Diana Sherlock writes a very eloquent retrospective of the Calgary Biennial for Canadian Art.
On LikeBlockr, Sherlock writes:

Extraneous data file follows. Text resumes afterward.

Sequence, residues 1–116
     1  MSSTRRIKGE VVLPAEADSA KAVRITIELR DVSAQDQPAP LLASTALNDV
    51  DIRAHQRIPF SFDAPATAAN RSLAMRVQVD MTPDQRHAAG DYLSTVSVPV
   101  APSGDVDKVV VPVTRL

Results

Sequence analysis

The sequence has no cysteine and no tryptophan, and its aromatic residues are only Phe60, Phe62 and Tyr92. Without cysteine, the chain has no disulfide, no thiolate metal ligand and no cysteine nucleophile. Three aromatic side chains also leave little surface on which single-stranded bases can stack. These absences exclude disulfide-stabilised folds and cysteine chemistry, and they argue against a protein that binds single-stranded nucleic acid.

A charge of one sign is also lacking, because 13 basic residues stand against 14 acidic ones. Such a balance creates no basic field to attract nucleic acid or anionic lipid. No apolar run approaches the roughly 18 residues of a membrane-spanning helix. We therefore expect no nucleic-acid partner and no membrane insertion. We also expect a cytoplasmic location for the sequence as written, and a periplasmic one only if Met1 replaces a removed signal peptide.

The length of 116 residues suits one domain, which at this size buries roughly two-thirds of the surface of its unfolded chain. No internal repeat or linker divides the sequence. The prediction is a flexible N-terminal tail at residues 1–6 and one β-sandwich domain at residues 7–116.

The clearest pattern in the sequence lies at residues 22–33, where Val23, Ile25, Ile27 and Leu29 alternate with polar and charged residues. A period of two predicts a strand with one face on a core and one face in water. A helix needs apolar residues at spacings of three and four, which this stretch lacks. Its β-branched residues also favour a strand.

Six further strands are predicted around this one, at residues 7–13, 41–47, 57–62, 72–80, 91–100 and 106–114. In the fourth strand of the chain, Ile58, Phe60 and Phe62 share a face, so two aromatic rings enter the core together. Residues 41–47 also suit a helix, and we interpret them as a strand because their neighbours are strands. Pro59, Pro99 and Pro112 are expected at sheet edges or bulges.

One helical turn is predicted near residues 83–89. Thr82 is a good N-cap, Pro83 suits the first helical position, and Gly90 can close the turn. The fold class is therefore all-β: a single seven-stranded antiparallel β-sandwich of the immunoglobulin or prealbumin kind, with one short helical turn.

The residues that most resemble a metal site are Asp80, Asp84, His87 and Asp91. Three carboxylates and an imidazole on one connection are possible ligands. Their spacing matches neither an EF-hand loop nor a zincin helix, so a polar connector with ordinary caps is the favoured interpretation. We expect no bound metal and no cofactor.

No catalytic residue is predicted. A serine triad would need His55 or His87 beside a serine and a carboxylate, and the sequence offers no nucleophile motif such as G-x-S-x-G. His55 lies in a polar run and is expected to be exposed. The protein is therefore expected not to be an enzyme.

“Regardless of the potential for social media to connect people in new and challenging ways, it seems more likely that Facebook, Instagram, Twitter, et cetera create what Cottingham calls ideological echo chambers, or highly filtered communities that reflect our own ideological position back to us, thereby negating any possibility for contested, critical discourse. Dan Zimmerman is particularly concerned with the reinforcement of this phenomenon through the process of “liking” on social media platforms. “Liking,” while potentially a democratic process, also reduces everything to quantitative measures. Slacktivist practices, like “liking” or Facebook petitions, where we all preach to each other, should not be confused with agonism and productive protest with others whose opinions differ from our own. Zimmerman’s antidote to this conundrum is LikeBlockr, a free app for mobile phones that we should all try.”